All forecast areas of Tuckerman Ravine have LOW avalanche danger. Natural and human-triggered avalanches are unlikely. Watch for unstable snow in isolated areas. Lobster Claw, Lower Snowfields, and the Little Headwall are not posted due to lack of snow cover. Exercise caution in these areas.
Huntington Ravine is under a General Avalanche Bulletin. General Bulletins are issued when instabilities are isolated within forecast areas and are issued every three days or earlier if conditions warrant. Forecast areas in Huntington have less well-developed snowfields to produce avalanches than Tuckerman, but understand instabilities in these smaller locations may exist. It is critical that you assess snow and avalanche conditions if venturing into Huntington.
AVALANCHE PROBLEM: The primary avalanche problem today is windslab. After forming during the high winds almost 7 days ago, these firm slabs remain unreactive. I expect to find overall good stability around Tuckerman. However, as the total snow for the season is still low, there are areas where the slab could be thin enough to allow a person’s weight break the bridging strength and initiate a crack. These areas primarily exist where terrain features have only recently been covered, such as the Lip and Center Bowl.
WEATHER: After three days of sunny weather on the mountain, today will diverge from this trend. Temperatures are expected to rise through the morning and peak just when precipitation may start, early afternoon. Currently, at 8:00am, elevations between 2300’ and 4300’ are above freezing. What form the precipitation comes in will all depend on when it starts and how quickly temperatures drop. Forecasted amounts of rain and snow are minimal and I expect whatever falls from the sky today to have little adverse effect on the current snowpack. Winds today will be strong, gusting to the century mark by nightfall.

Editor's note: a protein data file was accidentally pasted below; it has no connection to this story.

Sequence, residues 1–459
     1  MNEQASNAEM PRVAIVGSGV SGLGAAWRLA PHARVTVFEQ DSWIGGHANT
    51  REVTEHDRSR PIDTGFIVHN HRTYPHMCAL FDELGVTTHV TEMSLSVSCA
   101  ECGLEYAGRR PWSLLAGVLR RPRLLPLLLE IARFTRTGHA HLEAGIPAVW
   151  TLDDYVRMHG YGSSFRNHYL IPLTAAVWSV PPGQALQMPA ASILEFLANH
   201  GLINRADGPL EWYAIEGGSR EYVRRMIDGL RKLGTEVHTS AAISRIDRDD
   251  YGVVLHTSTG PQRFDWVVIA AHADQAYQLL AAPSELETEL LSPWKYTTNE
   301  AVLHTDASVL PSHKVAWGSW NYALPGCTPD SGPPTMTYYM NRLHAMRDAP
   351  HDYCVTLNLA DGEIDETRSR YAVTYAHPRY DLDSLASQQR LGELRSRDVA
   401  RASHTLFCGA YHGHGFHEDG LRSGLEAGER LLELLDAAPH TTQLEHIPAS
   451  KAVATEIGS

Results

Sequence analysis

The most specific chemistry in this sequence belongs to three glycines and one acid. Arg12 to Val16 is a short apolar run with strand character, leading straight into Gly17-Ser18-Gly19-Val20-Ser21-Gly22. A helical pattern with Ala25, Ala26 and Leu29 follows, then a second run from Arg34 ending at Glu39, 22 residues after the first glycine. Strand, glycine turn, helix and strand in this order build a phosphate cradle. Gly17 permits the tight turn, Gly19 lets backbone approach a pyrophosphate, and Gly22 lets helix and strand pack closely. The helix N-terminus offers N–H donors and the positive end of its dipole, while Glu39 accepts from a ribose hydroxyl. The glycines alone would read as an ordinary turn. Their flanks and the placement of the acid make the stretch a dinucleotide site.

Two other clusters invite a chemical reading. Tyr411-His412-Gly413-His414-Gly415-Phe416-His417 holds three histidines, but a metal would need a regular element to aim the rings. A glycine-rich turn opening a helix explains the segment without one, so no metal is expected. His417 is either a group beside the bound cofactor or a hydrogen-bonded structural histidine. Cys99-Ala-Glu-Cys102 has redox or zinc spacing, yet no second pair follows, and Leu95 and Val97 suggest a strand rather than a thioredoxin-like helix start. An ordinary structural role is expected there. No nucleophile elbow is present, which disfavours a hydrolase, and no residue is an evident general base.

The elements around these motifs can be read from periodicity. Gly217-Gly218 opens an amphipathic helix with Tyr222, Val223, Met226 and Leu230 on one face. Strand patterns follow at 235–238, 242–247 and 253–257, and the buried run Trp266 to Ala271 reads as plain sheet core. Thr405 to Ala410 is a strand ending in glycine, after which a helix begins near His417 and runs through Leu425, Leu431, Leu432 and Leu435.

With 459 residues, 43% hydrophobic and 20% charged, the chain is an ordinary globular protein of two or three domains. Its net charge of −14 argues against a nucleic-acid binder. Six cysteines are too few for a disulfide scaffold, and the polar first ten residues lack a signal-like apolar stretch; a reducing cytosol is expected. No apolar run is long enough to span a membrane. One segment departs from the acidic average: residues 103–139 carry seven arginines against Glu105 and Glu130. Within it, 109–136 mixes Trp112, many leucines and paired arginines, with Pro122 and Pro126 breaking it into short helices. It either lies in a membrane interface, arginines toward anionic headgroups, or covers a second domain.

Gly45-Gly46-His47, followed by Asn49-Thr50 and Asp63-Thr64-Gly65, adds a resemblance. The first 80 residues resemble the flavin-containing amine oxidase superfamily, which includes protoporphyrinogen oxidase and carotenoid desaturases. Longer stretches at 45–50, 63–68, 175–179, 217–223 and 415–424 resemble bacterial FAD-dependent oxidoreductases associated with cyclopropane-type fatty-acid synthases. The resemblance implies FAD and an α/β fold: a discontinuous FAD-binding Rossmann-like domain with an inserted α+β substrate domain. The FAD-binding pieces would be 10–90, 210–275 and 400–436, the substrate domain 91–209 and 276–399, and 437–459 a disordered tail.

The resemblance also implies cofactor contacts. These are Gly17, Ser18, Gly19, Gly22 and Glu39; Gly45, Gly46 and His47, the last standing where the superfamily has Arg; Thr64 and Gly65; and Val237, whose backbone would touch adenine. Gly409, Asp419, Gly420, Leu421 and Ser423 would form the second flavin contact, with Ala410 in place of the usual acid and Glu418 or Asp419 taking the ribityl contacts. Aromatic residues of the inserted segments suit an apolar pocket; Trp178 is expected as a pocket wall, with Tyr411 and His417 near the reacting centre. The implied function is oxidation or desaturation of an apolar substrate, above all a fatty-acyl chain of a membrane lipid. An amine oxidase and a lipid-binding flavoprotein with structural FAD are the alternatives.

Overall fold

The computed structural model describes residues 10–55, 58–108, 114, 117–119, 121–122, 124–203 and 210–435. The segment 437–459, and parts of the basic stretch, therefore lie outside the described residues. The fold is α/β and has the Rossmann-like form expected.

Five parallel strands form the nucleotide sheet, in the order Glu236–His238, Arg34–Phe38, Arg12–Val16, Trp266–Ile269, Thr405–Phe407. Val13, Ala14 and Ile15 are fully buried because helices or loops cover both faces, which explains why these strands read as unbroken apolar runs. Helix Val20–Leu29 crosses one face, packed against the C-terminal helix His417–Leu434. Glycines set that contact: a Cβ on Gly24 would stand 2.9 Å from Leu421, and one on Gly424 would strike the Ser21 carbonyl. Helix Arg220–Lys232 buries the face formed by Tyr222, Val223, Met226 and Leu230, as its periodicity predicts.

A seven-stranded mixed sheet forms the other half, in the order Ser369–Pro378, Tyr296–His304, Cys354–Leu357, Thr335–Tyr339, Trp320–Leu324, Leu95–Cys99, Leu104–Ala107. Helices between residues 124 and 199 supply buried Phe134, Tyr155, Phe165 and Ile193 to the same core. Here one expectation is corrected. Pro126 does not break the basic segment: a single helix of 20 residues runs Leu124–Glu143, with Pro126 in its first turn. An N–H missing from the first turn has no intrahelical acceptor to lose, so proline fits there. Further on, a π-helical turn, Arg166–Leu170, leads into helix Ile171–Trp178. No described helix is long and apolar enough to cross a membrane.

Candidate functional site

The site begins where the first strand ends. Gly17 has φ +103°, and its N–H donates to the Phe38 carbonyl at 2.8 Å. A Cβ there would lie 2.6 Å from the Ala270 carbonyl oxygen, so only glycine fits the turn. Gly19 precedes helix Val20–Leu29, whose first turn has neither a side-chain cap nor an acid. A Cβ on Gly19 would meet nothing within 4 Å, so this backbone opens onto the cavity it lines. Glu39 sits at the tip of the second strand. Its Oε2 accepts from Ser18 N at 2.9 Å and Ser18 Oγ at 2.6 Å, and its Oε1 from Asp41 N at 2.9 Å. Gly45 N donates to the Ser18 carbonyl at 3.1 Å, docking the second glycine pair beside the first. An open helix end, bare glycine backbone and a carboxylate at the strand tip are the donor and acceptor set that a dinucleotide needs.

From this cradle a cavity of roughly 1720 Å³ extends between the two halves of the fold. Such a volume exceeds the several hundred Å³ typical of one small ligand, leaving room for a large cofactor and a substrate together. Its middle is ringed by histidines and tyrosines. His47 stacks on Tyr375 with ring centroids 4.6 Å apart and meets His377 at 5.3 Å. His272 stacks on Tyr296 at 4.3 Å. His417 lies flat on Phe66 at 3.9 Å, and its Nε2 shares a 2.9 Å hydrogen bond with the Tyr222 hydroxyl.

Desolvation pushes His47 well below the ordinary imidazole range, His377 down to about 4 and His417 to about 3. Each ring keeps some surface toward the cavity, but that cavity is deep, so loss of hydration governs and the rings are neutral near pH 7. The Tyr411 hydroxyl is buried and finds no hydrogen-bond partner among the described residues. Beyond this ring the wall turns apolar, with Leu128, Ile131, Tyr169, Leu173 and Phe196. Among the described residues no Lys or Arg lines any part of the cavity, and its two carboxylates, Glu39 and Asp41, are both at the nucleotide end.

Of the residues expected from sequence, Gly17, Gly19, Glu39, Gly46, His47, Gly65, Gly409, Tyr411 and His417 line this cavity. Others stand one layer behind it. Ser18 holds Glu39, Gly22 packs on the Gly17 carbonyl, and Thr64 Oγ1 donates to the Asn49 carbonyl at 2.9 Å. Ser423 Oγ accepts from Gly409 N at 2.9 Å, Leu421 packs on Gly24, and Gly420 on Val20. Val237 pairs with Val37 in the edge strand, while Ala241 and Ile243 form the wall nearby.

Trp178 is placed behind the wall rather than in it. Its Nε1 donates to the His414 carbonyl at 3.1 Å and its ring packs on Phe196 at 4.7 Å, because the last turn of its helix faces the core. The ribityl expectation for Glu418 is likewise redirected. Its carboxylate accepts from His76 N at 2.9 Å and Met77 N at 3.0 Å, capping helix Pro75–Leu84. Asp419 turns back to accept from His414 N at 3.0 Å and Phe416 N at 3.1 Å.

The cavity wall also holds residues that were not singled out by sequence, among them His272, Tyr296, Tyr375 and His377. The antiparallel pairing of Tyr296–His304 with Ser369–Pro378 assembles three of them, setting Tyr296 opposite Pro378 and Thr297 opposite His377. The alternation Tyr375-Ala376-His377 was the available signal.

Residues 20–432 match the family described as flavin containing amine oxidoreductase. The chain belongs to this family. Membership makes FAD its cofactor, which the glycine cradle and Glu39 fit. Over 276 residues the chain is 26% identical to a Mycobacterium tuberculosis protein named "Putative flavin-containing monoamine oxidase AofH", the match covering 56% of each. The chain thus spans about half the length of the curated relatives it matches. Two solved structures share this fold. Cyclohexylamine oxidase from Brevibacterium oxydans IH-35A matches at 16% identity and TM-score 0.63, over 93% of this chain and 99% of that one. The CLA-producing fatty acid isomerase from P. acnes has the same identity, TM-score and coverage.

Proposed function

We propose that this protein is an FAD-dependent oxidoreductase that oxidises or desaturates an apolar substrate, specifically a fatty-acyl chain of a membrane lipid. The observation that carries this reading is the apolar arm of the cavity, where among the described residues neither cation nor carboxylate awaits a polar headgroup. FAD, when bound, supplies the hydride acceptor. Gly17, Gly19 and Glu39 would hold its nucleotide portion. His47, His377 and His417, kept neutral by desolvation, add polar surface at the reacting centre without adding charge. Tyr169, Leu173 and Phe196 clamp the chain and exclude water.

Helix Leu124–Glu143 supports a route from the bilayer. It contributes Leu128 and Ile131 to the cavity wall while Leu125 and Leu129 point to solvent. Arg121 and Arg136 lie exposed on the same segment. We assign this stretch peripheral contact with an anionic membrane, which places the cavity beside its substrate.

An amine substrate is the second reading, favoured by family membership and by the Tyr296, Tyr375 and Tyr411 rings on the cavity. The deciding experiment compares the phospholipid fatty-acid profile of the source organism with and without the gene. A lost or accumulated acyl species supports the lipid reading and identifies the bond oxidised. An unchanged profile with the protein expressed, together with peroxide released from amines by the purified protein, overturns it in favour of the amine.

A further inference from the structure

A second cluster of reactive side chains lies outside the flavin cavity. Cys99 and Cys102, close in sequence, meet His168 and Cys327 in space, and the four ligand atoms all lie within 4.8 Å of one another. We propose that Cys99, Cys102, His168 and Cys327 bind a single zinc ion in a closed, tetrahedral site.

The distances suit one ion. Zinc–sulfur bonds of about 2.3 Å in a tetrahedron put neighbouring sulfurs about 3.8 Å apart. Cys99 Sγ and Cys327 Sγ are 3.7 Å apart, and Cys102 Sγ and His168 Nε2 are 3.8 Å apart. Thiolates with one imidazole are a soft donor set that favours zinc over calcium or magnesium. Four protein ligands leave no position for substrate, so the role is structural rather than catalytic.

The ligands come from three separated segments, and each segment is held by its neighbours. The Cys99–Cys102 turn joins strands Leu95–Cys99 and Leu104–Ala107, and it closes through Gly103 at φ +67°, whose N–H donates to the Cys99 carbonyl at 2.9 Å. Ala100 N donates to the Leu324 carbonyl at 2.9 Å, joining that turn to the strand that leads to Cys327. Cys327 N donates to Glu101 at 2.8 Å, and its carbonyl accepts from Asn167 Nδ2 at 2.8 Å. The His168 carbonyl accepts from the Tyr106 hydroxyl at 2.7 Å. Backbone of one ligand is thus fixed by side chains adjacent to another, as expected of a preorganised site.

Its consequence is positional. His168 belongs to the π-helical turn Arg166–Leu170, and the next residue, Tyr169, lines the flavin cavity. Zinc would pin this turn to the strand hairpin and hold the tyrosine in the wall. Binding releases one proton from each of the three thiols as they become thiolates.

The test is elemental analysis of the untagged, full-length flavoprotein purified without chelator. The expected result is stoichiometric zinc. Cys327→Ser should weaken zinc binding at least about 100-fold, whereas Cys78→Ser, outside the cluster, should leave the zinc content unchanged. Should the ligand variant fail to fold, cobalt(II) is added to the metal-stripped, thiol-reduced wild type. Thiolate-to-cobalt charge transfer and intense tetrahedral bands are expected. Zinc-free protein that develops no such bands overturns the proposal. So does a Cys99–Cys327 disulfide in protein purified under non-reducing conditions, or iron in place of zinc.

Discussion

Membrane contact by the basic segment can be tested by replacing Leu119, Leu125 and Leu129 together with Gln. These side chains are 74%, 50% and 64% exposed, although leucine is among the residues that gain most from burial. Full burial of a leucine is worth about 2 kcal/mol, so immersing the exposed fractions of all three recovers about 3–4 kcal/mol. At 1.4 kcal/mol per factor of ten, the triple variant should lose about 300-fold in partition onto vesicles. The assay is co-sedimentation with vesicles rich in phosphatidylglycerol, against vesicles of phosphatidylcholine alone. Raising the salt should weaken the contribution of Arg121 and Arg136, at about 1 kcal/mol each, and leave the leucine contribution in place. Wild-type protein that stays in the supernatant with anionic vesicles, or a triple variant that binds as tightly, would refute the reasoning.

SNOWPACK: Over the past week, the summit has recorded a total of 0.03” SWE, delivering 0.9” of snow. Sustained, strong winds that abated on January 22 have left us with a surface layer of firm windslab throughout Tuckerman. While faceting is likely taking place beneath this bridging layer, in most places it would take a truck to create enough force to impact any weakness existing below this surface slab. That being said, the real snow has yet to arrive for the winter and there are many terrain features lying just beneath the surface that create enough hazard to require bringing your A+ terrain management game. Areas that provide the best possibilities for skiing have rather ugly looking runouts below.
Huntington Ravine remains under a General Bulletin. It is important to remember that avalanches can occur under a General Bulletin. The biggest potential areas are the snowfields in Central and South Gully as well as at the base of the ice in Pinnacle and Odell. The northern gullies of Yale, Damnation, and North are primarily ice and contain very little snow. The Lion Head Winter Route is now open. Bear in mind this is not a hiking trail and mountaineering sense should be in your backpack, right next to you crampons and ice axe. The Sherburne Ski Trail is skiable top to bottom and is seeing a fair amount of traffic. This traffic is pushing snow to the sides, revealing a good amount of water ice and rocks that had been covered. Expect challenging conditions.
- Safe travel in avalanche terrain requires training and experience. This advisory is just one tool to help you make your own decisions in avalanche terrain. You control your own risk by choosing where, when, and how you travel.
- Anticipate a changing avalanche danger when actual weather differs from the higher summits forecast.
- For more information contact the Forest Service Snow Rangers, the AMC at the Pinkham Notch Visitor Center, or the caretakers at Hermit Lake Shelters or the Harvard Cabin.
- Posted 8:15 a.m. January 26, 2016. A new advisory will be issued tomorrow.
Helon Hoffer / Jeff Lane, Snow Rangers
USDA Forest Service
White Mountain National Forest
(603) 466-2713 TTY (603) 466-2856